Are you looking for a great hiking route in Canada's Prairie Province — Saskatchewan — this year? Here are the three best trails to choose from:
Grey Owl’s Cabin
Prince Albert National Park (Northern Saskatchewan)
Length: 40 km
Grey Owl — a.k.a. Englishman Archibald Stansfeld Belaney — may be one of Canada’s strangest historical figures; however, his message of conservation, as our country’s first naturalist, still rings true. If you’d like to pay homage, take a hike to his cabin in Prince Albert National Park. Accessed via Kingsmere Road, 33 km from the town of Waskesiu, intrepid hikers can make their way to his cabin and burial site on the shores of Ajawaan Lake. The route follows the eastern shoreline of Kingsmere Lake, and has three campsites en route plus one at either end. This is all-backcountry — pack-in, pack-out — though bear caches, firewood and pit-toilets are available at the campsites. Park-use fees and a backcountry camping permit ($9.80 per person) apply. The path is typical Canadian Shield terrain and should take less than six hours each way. For a quicker way to find the cabin, a three-hour paddle across Kingsmere Lake, plus a 600-metre portage to Ajawaan Lake, bypasses the hiking route.
Best For: Hikers in search of destinations with unique history.
70 Mile Butte
Grasslands National Park (Southern Saskatchewan)
Length: 5 km
Canada’s only national prairie park, located on the Saskatchewan-Montana border, is a throwback to the turn-of-the-last-century — when native grasses like gamma, spear and fescue covered the prairies and the bison roamed freely. The most accessible front-country hiking is found in the west block of the park, with 70 Mile Butte being a favourite. A surprisingly challenging hike, this trail passes cacti and buffalo berry and offers sightings of roaming bison herds and bounding pronghorn antelope as well as dive-bombing and peregrine falcons and other birdlife. Look for centuries-old tipi rings; there are some 12,000 in the park. In fact, Grasslands is an archeological and paleontological showcase: Sitting Bull sought refuge here after the battle of Little Bighorn and Canada’s first fossil was found in the area. As you hike, watch for rattlesnakes, and keep in mind there is no drinkable water in the park — even purified, it may be brackish. The hike takes you to a 100-metre-tall hilltop and a lookout over the French River Valley.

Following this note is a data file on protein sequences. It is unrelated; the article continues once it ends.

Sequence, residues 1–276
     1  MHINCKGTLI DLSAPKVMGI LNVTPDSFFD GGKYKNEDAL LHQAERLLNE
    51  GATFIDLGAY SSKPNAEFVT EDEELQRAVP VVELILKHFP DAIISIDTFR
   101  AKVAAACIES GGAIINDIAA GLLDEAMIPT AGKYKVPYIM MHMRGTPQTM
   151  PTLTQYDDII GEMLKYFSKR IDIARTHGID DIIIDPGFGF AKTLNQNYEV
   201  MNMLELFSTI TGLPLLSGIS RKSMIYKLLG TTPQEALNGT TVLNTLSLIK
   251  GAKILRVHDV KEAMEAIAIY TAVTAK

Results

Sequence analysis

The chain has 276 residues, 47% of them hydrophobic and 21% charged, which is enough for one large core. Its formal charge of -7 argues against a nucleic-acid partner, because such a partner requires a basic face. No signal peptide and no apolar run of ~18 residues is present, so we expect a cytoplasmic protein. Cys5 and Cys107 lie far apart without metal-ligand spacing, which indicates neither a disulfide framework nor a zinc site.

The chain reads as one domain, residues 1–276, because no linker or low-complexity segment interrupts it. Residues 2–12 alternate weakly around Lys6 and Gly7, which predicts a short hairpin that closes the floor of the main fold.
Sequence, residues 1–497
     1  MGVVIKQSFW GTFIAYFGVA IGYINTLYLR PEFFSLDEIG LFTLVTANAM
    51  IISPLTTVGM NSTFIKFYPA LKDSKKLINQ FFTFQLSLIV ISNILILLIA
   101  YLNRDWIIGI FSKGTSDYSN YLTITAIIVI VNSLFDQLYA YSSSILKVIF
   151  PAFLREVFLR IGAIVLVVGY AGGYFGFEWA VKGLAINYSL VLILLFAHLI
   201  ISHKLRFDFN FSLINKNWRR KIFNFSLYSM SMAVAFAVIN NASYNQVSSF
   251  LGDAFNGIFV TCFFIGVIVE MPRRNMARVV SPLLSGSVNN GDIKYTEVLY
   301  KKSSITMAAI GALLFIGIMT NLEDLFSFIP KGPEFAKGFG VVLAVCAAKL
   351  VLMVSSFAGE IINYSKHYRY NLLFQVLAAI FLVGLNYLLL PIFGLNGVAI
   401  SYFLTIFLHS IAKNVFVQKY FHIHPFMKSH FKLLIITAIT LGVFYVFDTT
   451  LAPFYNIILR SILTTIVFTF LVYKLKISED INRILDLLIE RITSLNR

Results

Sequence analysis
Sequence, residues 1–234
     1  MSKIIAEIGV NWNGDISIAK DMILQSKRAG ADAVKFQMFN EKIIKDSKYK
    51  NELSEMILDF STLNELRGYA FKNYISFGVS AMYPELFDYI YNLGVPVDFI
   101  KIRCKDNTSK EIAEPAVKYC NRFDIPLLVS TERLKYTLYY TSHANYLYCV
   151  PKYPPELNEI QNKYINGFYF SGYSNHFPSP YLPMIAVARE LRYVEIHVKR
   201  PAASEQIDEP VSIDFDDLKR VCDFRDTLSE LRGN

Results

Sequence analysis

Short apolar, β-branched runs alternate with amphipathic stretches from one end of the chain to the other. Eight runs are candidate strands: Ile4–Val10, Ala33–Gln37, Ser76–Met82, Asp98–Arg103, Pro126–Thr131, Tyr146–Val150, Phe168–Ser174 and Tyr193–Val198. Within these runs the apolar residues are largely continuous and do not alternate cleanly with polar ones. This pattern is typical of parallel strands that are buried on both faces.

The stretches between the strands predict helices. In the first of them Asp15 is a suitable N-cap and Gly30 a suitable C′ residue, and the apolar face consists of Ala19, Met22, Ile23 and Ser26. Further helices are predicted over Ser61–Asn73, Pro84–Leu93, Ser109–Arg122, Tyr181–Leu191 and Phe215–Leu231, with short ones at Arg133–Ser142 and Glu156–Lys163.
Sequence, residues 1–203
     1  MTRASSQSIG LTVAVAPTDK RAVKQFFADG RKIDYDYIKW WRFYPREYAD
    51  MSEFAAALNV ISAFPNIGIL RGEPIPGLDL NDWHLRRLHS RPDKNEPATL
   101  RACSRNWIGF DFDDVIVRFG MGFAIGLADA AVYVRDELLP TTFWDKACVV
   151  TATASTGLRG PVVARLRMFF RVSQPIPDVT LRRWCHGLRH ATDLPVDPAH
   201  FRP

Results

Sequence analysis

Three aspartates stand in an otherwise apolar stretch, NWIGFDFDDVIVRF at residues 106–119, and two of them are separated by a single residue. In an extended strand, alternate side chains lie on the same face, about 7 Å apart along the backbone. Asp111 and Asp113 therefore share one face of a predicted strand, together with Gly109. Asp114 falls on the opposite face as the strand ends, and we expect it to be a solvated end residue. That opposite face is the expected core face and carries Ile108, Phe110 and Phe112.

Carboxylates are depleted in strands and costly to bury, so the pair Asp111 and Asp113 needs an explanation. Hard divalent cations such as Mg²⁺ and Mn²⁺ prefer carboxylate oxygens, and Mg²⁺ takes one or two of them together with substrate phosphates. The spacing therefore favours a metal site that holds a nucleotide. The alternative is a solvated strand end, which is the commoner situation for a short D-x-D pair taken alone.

Best For: Those looking for big skies and the way the prairies once were.
The Boreal Trail
Meadow Lake Provincial Park (Northern Saskatchewan)
Length: 120 km
Officially opened only two years ago, the 120-km Boreal Trail is Saskatchewan Parks’ only officially designated backpacking trail. Meandering through lush Meadow Lake Provincial Park, a 1,600-sq-km beauty in the province’s northwest, hikers can choose to embark on a multi-day tour of this east-west route — spending days beneath poplar, jack pine and spruce trees and falling asleep to a loon’s call at one of the plentiful back- and front-country campsites — or tackle it in smaller stages for easy day-hikes. Keep your camera ready for moose, beaver and wolf sightings and always be Bear Aware; this is big-time bruin country. Terrain is gentle with minimal elevation gains — the challenge comes in the distance. Some front-country campsites feature stores for re-supplying and hot showers. Saskatchewan Parks recommends registering two weeks prior to hiking the trail if you wish to overnight in the backcountry.
Best For: Easy-walking hikers looking to spend a week in nature.